My favorite project was working on urban design for the Baltimore Red Line light rail.  I enjoyed researching other cities to understand the relationships between transportation, physical space, and people, and identifying design opportunities that were based on these relationships and appropriate for the city of Baltimore.  It was very enlightening and challenging to work directly with community members across the city during design, and to see their varied responses to the many aspects of the project.

    What is your favorite city?
    Paris – They nailed it.

    • Education
    • University of Oregon — Master of Architecture
    • Georgia Tech — Bachelor of Science, Architecture, summa cum laude
    • Associations
    • AIA DC, Volunteer teacher for Architecture in Schools, 2010-2011
    • AIA Austin
    • Texas Society of Architects

    Ko Kuwabara, AIA, LEED AP Associate

    What would you do if you weren’t in architecture?
    I would scavenge for old and unloved motorcycles, restore them, and find new homes for them.

    What is a random fact about yourself?
    I am an identical twin, like Tadao Ando.

    What is your favorite place?
    Teshima Art Museum by Ryue Nishizawa of SANAA.  It is a simple, semi-enclosed concrete structure where you quietly observe drops of water move across the floor.  This may sound a bit odd, but it is a powerful experience, I promise!

    • Education
    • University of Texas at Austin — Master of Architecture
    • University of Virginia — Bachelor of Science, Architecture
    • Associations
    • RBI Austin (Reviving Baseball in Inner Cities Austin), 2016 Mentor
    • Architecture for Humanity, Baltimore Chapter, Co-founder 2010-2013

    Andrew Green, AIA Associate

    Sculpture, woodworking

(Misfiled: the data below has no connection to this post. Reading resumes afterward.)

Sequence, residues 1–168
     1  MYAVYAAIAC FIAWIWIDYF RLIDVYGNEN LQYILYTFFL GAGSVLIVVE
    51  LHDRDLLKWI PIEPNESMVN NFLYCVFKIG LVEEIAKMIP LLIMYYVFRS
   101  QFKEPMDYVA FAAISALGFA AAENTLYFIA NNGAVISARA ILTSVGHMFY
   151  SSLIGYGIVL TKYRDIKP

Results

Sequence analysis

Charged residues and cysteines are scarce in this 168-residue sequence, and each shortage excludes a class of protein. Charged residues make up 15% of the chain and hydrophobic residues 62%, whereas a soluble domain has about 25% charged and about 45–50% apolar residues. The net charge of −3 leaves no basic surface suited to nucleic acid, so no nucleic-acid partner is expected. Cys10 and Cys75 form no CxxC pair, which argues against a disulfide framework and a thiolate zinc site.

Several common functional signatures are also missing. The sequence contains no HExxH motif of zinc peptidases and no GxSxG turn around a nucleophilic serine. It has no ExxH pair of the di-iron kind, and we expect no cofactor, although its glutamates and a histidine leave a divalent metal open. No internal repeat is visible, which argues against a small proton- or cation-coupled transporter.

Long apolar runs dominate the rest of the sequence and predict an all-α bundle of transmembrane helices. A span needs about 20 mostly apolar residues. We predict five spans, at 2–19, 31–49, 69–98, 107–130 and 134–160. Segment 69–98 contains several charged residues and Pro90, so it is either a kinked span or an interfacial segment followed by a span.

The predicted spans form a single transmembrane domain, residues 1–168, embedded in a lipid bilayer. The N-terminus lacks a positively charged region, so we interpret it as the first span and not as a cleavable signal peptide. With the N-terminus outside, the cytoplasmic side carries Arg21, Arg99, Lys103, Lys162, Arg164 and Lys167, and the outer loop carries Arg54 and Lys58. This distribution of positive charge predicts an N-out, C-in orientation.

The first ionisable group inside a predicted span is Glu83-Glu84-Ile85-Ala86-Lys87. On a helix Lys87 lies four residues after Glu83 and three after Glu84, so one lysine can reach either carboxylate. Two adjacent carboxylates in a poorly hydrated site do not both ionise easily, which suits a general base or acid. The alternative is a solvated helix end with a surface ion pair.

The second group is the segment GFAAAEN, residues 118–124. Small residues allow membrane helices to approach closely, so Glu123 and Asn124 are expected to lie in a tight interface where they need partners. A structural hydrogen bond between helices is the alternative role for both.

What do you spend the most energy doing outside the office?
    Looking for ways to bottle and distribute the endless supply of energy and joy my son seems to be tapped into.

    What is your ideal project?
    A monument, memorial or large scale public art project

    What architects and artists do you find inspiring?
    Maya Lin, Renzo Piano, Martin Puryear, James Turrell, Richard Serra, Santiago Calatrava, Michael Heizer, Constantin Brancusi, Andy Goldsworthy, Chris Drury, Robert Smithson

    • Education
    • University of Texas at Austin — Master of Architecture
    • Baylor University — Bachelor of Art, Studio Art, magna cum laude
    • Associations
    • Texas Sculpture Group, 2011-present

    Alex Morris

    Making.  That extends to almost everything: graphic design, a backyard deck, music, a dumb joke… I like the process of creating.  I also just realized why my house is perpetually cluttered.

    What do you spend the most energy doing outside the office?
    Rehabilitating my basket case vintage BMW.  Absurd classic car bubble notwithstanding, it’s a fun and affordable hobby (provided you do every bit of work yourself).

    What was your favorite project?
    Frost Bank 26 Doors.  It looks like a fairly straightforward finish-out, but the now-40-year-old building was rife with significant structural and MEP and building code and accessibility considerations.  All those layers combined to make a particularly challenging set of constraints that the project team had to negotiate.  I think the result is simultaneously respectful of the character of the Old Austin shopping center and the architectural brand identity of Frost Bank.  I’ve heard Al say many times that to bring out his best work, you have to challenge him; throw a bunch of restrictions on him; cut the budget in half (please don’t cut the budget in half!) – the ability to thrive in those situations is a major part of who we are as McKinney York Architects.

    What is your favorite place?
    Right now it’s probably Klyde Warren Park (in Dallas – gasp!).  From the front door of our office you can see traffic on the scourge that is I-35, and it’s comforting to think that maybe, someday, we can transform it into a treasured, walkable social hub.

    • Education
    • University of Texas at Austin — Bachelor of Architecture

    Molly Hubbs, AIA

    Biking, Woodworking, Lindy Hop, Bowling, British/Swedish murder mysteries, On the Media (Radio)

    What do you spend the most energy doing outside the office?
    Discovering Texas swimming holes

    What is your favorite type of building?
    Buildings that celebrate the craft of construction

    • Education
    • University of Texas at Austin — Master of Architecture
    • Fuman University — Bachelor of Arts, Music

    Silvia Izaguirre, RA

    Patricia Hunt, RA, RID, LEED AP

    What do you spend the most energy doing outside the office?
    Making things! I feel it’s sort of a dying art. It’s always exciting to have a new project, see it progress and then enjoy the satisfaction of a completed product! I knit, crochet, bead, sew, cross stitch… the list goes on.

    What was your favorite project and why?